Quantitative information on the response of global terrestrial net primary production (NPP) to climate change and increasing atmospheric CO2 is essential for climate change adaptation and mitigation in the 21st century. Using a process-based ecosystem model (the Dynamic Land Ecosystem Model, DLEM), we quantified the magnitude and spatiotemporal variations of contemporary (2000s) global NPP, and projected its potential responses to climate and CO2 changes in the 21st century under the Special Report on Emission Scenarios (SRES) A2 and B1 of Intergovernmental Panel on Climate Change (IPCC). We estimated a global terrestrial NPP of 54.6 (52.8-56.4) PgC yr(-1) as a result of multiple factors during 2000-2009. Climate change would either reduce global NPP (4.6%) under the A2 scenario or slightly enhance NPP (2.2%) under the B1 scenario during 2010-2099. In response to climate change, global NPP would first increase until surface air temperature increases by 1.5 °C (until the 2030s) and then level-off or decline after it increases by more than 1.5 °C (after the 2030s). This result supports the Copenhagen Accord Acknowledgement, which states that staying below 2 °C may not be sufficient and the need to potentially aim for staying below 1.5 °C. The CO2 fertilization effect would result in a 12%-13.9% increase in global NPP during the 21st century. The relative CO2 fertilization effect, i.e. change in NPP on per CO2 (ppm) bases, is projected to first increase quickly then level off in the 2070s and even decline by the end of the 2080s, possibly due to CO2 saturation and nutrient limitation. Terrestrial NPP responses to climate change and elevated atmospheric CO2 largely varied among biomes, with the largest increases in the tundra and boreal needleleaf deciduous forest. Compared to the low emission scenario (B1), the high emission scenario (A2) would lead to larger spatiotemporal variations in NPP, and more dramatic and counteracting impacts from climate and increasing atmospheric CO2. PMID:25401492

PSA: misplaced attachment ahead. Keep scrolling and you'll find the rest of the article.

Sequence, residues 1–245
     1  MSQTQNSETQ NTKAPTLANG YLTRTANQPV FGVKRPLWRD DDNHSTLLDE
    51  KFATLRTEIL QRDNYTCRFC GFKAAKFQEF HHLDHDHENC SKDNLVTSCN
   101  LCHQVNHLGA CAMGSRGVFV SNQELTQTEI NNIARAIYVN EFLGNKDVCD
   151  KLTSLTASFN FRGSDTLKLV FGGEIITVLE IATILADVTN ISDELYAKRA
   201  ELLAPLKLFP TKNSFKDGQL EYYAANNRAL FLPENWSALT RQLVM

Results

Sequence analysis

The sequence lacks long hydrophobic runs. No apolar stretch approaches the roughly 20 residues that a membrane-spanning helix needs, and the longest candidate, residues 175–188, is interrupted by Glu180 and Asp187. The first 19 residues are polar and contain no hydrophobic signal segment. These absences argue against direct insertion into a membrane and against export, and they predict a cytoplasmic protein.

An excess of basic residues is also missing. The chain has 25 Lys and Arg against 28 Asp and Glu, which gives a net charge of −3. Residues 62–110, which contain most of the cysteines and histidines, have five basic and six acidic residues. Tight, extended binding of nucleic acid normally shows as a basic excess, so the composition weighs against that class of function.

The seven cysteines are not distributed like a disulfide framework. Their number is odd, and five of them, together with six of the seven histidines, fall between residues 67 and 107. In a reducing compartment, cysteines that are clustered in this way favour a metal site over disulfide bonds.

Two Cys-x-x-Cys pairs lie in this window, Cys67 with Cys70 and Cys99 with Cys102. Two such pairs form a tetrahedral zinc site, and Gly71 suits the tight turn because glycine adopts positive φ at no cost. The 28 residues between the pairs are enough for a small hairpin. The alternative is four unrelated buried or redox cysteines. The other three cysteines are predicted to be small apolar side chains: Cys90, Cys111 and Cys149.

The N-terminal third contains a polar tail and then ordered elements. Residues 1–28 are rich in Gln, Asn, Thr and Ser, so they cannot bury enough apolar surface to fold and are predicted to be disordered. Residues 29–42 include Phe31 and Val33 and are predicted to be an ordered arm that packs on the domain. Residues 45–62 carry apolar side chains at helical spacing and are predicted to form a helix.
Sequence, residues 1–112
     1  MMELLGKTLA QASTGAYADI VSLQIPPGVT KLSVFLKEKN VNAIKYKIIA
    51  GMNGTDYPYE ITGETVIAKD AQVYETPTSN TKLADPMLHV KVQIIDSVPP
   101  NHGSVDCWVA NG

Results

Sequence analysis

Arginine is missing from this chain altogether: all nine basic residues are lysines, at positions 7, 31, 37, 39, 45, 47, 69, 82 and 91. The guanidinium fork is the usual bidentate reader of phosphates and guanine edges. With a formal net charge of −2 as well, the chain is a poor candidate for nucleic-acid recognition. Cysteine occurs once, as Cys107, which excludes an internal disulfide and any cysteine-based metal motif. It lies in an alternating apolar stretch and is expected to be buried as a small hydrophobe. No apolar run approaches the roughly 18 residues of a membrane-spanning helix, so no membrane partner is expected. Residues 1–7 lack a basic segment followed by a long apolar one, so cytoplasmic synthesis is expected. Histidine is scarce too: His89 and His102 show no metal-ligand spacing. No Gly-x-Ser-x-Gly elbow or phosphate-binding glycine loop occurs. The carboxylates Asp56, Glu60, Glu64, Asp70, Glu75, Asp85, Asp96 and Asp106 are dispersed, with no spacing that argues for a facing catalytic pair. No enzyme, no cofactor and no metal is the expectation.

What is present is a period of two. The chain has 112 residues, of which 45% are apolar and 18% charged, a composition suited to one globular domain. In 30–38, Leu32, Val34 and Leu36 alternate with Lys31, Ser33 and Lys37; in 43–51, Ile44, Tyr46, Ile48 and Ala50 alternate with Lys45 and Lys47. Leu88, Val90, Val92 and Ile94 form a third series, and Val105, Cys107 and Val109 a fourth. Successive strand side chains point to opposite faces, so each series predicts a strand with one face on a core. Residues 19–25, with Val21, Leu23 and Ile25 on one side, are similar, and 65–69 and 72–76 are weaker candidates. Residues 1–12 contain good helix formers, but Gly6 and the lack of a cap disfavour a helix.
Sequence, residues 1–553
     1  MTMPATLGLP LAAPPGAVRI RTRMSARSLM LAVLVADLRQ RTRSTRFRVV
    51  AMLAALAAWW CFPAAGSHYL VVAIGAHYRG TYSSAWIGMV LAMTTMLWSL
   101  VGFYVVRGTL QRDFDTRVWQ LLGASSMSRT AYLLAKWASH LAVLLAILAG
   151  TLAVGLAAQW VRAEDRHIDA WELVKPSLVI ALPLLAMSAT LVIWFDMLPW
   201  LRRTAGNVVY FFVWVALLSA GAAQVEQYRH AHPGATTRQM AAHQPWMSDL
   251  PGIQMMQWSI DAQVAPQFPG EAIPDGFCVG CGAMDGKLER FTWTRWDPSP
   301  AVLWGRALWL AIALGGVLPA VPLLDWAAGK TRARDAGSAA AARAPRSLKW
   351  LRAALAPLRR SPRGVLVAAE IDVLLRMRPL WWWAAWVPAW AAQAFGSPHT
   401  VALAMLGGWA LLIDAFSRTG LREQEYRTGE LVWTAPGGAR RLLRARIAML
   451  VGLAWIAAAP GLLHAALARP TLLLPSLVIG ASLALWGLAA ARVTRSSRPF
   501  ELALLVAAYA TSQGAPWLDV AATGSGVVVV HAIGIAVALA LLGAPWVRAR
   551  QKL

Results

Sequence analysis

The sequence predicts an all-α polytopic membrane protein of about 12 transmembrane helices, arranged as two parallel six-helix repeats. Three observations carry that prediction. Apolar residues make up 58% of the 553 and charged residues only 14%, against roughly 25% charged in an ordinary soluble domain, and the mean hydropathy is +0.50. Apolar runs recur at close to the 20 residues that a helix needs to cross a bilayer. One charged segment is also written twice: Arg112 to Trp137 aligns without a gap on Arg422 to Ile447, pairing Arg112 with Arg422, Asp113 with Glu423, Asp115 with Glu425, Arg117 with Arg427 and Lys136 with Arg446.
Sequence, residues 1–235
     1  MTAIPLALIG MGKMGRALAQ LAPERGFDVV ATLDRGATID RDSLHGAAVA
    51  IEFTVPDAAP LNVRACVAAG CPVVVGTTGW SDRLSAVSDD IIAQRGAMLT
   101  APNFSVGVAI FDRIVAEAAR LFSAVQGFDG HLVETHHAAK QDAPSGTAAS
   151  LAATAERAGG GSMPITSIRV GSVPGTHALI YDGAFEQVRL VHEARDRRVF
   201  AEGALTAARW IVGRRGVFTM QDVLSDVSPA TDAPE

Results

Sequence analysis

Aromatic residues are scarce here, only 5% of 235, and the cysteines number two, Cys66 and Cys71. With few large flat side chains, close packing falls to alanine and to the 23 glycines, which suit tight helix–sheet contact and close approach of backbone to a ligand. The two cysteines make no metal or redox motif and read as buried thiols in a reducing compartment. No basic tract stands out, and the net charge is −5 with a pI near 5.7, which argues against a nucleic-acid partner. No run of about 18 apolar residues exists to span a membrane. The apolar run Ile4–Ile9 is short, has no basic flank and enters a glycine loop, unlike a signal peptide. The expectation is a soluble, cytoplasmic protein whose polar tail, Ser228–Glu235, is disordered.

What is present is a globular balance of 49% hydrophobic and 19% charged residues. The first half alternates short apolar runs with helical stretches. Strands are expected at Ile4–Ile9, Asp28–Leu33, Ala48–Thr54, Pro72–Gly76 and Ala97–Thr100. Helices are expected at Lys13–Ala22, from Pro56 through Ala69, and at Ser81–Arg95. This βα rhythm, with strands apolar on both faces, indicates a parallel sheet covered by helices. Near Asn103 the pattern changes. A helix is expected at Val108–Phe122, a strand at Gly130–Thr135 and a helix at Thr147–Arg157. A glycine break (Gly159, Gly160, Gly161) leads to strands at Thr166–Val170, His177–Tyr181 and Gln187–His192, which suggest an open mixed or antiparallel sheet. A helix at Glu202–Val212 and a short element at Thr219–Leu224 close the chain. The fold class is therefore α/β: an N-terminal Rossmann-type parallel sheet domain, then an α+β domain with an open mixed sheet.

16. Sensitivity of Holocene atmospheric CO2 and the modern carbon budget to early human land use: analyses with a process-based model

    NASA Astrophysics Data System (ADS)

    Stocker, B. D.; Strassmann, K.; Joos, F.

    2011-01-01